ASPI suggests
21 Oct 2016| and

¡Hola, hombres y mujeres!

The third presidential debate was probably the last chance for the Trump campaign, which has lurched between deplorable scandals and media misadventures these past few weeks. It was a scrappy affair: Clinton was ‘nasty’ (not that that resonates), and Trump a ‘puppet’ (1: hmm…; 2: some investigative gold). The morning after the night before, Trump generously ventured that he’ll accept the election result if he wins, which is the crazy train’s logical next stop after the second debate, where he threatened to jail his political opponent. So by now it’s pretty clear that The Donald and the revered tenets of democratic tradition don’t mix. James Fallows’ Trump Time Capsule remains a touchstone of sanity, but if that doesn’t touch the sides, get loco with a little Weird Al Yankovic. These are dark days, but we’re almost there.

As some have already pointed out, it was striking that six+ hours of debate didn’t throw up one question on climate change. This long read on the retreat of Greenland’s ice sheet is a haunting reminder of the enormous threat, if ever we needed one.

As the battle for Mosul rages, useful reads came from all corners this week: The New Yorker (on ISIS’s retreat), The Atlantic (on ISIS’s spin doctors), National Geographic (an intricate portrait of ISIS’s rule), The New York Times (which mapped the battle), and Bloomberg (on live-streaming war).

After telling the Chinese media that the Arbitral Tribunal’s South China Sea judgement is ‘just a piece of paper with four corners’, Philippine President Rodrigo Duterte this week threw petrol and a match on the Manila–DC relationship by announcing his country’s military and economic separation from the US. He also joked (but not really) that he would be ‘dependent on [China] for a long time’ and that he has ‘realigned’ himself with Beijing’s ‘ideological flow’. While in no way undermining the recklessness of Duterte’s moves, a great piece at The Economist questions whether his plan has longevity, while a good read at The National Interest weighs some possible options for the US’s next step. IISS has also taken a timely squiz at Duterte’s first 100 days in office, which has a slightly different flavour to Ambassador Calaguian-Cruz’s piece here at The Strategist.

Let’s kick off our look at fresh research with two offerings from The National Bureau of Asian Research: the first is an article on the ‘strategic collusion’ between Russia and China in the Arctic; and the second is NBR’s latest book, Strategic Asia 2016-17: Understanding Strategic Cultures in the Asia-Pacific (the executive brief (PDF) is a must read for Asia–Pacific watchers a.k.a everyone). CSIS has started a brand new research program, the Aerospace Security Project, which will unpack policy debates around the air and space domains. The USSC’s latest report (PDF) argues that both Australian and American policymakers need to address ‘looming risks’ to the bilateral relationship and seek new opportunities to develop its current remit. And finally, a new RSIS commentary looks at the extent of the damage done to India’s submarine construction program after the DCNS data leak, and what this means for Australia’s boats.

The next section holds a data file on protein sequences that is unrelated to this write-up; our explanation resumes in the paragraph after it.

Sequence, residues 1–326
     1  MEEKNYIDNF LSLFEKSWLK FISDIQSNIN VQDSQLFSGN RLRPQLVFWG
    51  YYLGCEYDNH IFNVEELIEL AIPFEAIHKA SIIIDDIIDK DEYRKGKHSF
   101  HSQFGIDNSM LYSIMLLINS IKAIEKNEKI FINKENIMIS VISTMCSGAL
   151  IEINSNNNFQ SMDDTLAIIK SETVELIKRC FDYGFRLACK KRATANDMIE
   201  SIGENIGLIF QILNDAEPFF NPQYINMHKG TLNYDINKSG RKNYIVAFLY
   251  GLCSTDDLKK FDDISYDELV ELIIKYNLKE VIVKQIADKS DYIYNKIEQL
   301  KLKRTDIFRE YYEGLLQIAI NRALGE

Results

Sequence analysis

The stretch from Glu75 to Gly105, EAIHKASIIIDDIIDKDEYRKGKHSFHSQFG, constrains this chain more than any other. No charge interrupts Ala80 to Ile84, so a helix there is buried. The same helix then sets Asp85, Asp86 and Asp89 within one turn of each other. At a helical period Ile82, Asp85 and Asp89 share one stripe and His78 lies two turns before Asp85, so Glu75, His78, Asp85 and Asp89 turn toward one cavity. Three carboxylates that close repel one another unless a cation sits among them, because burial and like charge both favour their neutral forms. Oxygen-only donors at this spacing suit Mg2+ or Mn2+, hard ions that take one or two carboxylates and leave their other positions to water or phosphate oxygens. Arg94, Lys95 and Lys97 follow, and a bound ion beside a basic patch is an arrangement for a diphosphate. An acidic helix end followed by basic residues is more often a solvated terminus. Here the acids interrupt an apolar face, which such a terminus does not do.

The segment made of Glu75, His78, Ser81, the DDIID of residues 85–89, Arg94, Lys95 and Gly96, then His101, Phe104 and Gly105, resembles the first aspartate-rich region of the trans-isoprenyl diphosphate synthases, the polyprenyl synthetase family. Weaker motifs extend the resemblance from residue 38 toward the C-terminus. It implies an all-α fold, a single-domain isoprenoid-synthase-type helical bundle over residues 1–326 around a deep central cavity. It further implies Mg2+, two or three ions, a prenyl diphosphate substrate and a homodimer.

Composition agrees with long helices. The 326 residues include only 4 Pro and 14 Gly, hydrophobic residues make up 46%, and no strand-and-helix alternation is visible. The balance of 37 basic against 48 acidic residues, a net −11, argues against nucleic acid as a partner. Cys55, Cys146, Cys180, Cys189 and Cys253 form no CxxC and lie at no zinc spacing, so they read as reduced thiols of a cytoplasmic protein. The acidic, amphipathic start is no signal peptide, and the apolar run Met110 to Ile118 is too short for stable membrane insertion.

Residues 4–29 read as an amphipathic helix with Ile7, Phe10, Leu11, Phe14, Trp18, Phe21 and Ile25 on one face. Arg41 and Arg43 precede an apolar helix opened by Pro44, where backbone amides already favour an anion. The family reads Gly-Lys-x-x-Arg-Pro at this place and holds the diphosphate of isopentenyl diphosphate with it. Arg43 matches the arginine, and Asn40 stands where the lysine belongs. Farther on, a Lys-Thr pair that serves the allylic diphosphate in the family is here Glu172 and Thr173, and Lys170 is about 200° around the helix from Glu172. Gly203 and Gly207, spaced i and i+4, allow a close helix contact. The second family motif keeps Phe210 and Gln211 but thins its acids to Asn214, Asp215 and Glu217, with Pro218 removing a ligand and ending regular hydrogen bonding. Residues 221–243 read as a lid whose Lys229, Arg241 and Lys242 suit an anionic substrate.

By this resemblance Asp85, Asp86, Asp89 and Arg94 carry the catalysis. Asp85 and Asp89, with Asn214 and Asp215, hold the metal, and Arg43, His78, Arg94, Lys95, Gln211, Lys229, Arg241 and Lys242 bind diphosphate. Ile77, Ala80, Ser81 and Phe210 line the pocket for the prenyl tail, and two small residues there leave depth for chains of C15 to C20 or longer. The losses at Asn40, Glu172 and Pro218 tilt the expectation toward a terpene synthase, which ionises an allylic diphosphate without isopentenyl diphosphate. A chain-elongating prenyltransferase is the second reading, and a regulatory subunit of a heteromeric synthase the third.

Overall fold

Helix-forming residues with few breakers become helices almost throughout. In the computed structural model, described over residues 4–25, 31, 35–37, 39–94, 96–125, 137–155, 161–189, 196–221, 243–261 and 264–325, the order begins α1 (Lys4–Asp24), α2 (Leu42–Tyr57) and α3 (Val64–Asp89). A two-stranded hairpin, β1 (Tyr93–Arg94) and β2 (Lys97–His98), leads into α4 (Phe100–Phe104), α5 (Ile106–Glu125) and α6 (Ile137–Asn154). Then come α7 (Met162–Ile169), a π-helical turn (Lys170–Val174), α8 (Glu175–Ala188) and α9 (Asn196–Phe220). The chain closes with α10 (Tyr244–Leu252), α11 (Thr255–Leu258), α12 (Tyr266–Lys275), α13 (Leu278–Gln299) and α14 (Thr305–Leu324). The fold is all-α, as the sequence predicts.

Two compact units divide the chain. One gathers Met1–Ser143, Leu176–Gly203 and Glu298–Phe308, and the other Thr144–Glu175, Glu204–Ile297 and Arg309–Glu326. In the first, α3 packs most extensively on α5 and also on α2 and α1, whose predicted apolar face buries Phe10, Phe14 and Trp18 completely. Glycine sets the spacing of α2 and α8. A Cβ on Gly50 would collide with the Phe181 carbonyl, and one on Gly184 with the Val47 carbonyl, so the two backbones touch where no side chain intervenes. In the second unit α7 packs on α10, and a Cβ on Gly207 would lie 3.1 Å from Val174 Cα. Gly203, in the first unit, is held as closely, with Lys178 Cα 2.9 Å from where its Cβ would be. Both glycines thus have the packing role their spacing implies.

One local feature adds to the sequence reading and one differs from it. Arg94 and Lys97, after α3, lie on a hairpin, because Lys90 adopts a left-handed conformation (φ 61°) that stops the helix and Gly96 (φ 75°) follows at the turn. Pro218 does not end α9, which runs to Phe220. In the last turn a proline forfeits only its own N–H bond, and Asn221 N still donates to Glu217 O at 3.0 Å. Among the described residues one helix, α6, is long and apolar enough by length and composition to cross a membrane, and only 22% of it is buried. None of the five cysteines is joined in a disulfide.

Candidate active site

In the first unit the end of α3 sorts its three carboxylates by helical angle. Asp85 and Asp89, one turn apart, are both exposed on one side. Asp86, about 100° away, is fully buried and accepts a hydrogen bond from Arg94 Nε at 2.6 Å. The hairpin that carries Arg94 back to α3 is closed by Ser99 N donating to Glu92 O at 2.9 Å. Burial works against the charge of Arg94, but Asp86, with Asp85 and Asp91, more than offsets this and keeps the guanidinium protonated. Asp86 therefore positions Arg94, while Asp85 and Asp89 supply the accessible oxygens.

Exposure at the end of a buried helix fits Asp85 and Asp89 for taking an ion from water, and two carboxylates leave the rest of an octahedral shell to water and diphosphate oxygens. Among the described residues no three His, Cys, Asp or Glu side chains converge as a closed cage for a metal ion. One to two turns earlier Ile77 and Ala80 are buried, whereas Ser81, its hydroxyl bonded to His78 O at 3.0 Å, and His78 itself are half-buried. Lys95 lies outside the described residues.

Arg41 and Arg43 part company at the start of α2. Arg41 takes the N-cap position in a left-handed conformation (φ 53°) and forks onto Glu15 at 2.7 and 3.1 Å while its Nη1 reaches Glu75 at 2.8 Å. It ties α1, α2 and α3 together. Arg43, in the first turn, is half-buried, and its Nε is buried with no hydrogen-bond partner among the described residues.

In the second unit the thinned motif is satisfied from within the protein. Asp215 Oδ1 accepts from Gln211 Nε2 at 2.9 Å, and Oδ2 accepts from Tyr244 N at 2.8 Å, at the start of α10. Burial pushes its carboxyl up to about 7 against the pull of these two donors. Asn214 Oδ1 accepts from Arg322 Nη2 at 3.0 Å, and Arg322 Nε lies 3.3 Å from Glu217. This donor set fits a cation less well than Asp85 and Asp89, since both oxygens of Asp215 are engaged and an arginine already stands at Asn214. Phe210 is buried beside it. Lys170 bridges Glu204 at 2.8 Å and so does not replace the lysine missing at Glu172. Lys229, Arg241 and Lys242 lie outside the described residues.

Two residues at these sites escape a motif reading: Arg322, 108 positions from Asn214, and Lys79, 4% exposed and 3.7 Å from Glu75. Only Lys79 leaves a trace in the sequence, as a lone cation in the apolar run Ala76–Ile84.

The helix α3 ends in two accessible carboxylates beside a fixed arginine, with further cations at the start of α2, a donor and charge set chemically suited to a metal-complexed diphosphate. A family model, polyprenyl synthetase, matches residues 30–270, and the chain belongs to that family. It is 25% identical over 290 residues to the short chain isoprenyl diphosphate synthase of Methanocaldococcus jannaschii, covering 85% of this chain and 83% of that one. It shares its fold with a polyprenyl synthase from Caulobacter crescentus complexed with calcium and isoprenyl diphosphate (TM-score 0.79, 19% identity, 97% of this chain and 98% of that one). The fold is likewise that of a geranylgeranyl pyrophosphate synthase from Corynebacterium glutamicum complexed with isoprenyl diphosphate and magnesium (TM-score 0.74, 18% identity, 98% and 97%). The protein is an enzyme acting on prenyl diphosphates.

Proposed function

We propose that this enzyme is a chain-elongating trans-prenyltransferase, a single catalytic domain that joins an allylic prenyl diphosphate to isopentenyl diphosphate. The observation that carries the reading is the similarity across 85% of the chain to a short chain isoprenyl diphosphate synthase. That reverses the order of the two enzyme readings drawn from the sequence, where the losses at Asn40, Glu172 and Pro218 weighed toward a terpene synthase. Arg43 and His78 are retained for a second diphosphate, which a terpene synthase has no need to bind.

As debate continues over the cost of the US Air Force’s proposed ICBMS, Arms Control Wonk has released a light-hearted podcast (42 mins) that reflects on some of the more amusing basing modes for ICBMs when the question was last discussed in the 1980s (PDF)—during peak Cold War paranoia.

In the latest offering from the CogitAsia podcast series (34 mins), CSIS’s Phuong Nguyen and Perth USAsia Centre’s Natalie Sambhi dive into to the first two years of Indonesian President Joko Widodo’s time in office, paying particular regard to what’s hot and what’s not in Jokowi’s foreign and security policies.


The Wilson Center’s Robert Litwak released a book (download it here) on the likelihood of abuses of nuclear weapons earlier this month, and recently sat down for an interview (10 mins) on his latest work, and a framework by which to understand and assess the threat of nuclear terrorism.


Canberra: India-watchers and civ-mil relations wonks will be treated next week to a lecture from Yale’s Steven Wilkinson on how India kept its military on a short leash in order to protect the country’s democracy. More info is available here.

Sydney: If you still can’t get enough of the US elections, ANU’s heading northwards on 4 November as part of their National Seminar Series to host a panel discussion on what challenges the President Elect will face in our near neighbourhood before the inauguration. This one will definitely sell out fast, be sure to register your attendance here.